Health within our culture in the USA. How do we know what’s best for our health, our self-care?
Health experts vary from the self-proclaimed, like medical mediums, to MD’s and related professionals (dieticians, psychologists, therapists, exercise physiologists, etc.). All hold their own theories, all based on their own experiences, all with their own interpretations of science. Most rely on external resources, from spirit-guides to information from their college days that, some estimates say, could be seriously outdated. Some scramble diligently to remain up-to-date.
Add to that our cultural interpretations of what bodies should be considered positively, the roles of mental and emotional health as well as social connections, and the popular press with their watered-down versions of nuanced scientific studies.
Then there’s the statistical confusion about Causation. For example, I remember reading that people with creases in their earlobes were more likely to develop heart disease. The article suggested checking your earlobes and visiting a cardiologist. Do earlobe creases Cause heart problems? Of course not! Likewise, lots of similar connections (associations and correlations) are very loosely described as causation.
However, there’s some science that shows fat doesn’t equal unhealthy and that food itself has a relatively minor impact on overall health in comparison to environment, genetics, and other factors.
How do we even clearly define “healthy” and “unhealthy” in our culture?
According to the book Body Respect, there’s “research suggesting that guilt messes with your metabolism and weight regulation system”[i] and even radical bariatric surgery results long-term (10 years or more later) show weight regain as well as ongoing other health challenges created by the surgery.
Among those who do not diet, though, weight tends to stabilize. What’s up with that? Could it be we’re all not destined to be the exact same willowy size and shape?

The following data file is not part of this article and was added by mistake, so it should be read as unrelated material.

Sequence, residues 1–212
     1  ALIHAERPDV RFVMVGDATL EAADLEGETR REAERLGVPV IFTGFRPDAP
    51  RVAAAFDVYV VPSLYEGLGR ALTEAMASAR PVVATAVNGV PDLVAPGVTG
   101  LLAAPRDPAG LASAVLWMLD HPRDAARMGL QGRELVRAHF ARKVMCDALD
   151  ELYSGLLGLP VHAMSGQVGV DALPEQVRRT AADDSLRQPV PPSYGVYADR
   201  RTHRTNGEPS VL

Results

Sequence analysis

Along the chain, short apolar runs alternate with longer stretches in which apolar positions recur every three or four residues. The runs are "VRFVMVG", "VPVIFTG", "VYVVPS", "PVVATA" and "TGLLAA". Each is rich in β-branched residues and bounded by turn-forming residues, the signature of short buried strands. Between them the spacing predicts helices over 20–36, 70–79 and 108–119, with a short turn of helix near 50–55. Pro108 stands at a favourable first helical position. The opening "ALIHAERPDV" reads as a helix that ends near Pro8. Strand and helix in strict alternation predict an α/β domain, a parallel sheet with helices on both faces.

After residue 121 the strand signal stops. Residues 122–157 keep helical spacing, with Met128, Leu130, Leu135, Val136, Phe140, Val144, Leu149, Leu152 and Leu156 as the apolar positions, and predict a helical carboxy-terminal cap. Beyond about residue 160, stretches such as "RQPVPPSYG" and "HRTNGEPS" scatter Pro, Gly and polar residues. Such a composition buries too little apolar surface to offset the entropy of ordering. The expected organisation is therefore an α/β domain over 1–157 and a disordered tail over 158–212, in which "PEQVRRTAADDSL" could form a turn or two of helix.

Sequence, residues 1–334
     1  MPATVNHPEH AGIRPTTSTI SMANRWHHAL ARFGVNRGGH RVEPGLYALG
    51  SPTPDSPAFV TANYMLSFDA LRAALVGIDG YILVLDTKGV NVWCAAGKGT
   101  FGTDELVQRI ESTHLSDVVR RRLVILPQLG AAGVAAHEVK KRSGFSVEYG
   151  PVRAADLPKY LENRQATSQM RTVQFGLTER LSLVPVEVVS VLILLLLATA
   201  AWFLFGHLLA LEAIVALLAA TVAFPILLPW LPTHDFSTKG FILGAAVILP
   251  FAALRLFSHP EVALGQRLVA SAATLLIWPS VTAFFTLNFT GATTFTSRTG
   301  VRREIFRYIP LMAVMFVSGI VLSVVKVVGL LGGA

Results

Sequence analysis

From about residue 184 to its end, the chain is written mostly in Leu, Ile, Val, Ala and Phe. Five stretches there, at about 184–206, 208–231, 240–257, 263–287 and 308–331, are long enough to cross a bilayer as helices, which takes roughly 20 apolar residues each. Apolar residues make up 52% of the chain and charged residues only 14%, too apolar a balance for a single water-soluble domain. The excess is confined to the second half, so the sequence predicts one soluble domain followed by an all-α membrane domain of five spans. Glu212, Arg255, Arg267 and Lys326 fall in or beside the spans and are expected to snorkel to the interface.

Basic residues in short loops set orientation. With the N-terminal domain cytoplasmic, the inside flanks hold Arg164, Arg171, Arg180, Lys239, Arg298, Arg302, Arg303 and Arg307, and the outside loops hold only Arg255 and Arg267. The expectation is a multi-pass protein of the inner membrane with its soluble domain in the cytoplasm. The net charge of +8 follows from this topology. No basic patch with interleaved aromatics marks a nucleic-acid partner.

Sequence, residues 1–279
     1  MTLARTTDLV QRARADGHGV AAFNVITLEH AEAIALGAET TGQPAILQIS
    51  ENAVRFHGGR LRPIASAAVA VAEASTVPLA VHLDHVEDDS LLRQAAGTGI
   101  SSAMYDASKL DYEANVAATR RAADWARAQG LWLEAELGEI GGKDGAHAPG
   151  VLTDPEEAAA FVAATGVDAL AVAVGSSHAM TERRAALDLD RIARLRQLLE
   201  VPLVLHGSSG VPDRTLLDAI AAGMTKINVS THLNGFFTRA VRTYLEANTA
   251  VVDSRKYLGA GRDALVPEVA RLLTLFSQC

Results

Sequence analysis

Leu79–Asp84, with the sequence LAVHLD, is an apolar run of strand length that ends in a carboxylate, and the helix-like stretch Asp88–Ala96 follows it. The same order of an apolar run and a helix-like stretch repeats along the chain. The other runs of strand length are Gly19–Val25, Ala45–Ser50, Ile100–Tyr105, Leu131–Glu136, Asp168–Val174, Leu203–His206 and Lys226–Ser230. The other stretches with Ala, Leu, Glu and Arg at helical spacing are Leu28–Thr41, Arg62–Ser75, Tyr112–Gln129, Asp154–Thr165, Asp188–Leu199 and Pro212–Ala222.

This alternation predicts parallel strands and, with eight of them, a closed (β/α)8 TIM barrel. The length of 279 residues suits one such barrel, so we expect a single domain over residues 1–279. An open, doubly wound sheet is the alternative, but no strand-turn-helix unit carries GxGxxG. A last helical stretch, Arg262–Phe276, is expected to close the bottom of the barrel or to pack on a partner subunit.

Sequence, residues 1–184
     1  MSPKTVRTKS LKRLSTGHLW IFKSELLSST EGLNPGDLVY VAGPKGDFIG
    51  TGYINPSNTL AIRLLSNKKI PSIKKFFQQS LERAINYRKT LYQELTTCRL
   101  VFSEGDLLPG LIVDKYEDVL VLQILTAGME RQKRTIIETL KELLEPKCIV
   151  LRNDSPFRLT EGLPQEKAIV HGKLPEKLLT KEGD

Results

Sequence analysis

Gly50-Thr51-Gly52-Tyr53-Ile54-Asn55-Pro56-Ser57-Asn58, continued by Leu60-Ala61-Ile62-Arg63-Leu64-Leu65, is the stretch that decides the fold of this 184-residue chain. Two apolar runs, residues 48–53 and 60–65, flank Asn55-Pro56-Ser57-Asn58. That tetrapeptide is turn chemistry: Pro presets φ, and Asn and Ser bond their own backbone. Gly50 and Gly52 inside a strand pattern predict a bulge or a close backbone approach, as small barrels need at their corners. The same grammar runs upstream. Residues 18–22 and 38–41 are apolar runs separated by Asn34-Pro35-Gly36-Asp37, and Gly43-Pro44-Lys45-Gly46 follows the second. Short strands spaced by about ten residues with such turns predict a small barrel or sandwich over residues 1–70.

Of course, as soon as we start thinking folks in the USA know exactly how and what to eat, look at the French. Their diet is not seen as the healthiest (animal fat, cholesterol, alcohol, oh my!) but apparently people who ENJOY their food are healthier and might even eat less! Shocking!
One of the first non-diet/anti-diet books I read was The Diet Myth (it was titled The Obesity Myth at the time, I believe, but has been updated by author Paul Campos). I picked up a copy of the newer version because an initial skimming of the materials captured my attention. In the Afterword, Mr. Campos comments “How much longer can agencies such as the CDC announce that we are on the verge of a public health catastrophe, while at the same time releasing statistics that illustrate Americans are living longer – and are markedly healthier – than ever before? Such inconvenient data is making it more difficult for the usual suspects to broadcast their alarmist claims without fear of dissent.” [ii] It appealed to the data queen inside me and pissed me off, but I couldn’t quite ignore the power of our popular culture that says, essentially, what one chubby large-bellied 50-something white man in a stained t-shirt snarled at me in the aisle of a discount store, “People like you should be ashamed. You take up too much space that’s meant for people like me.”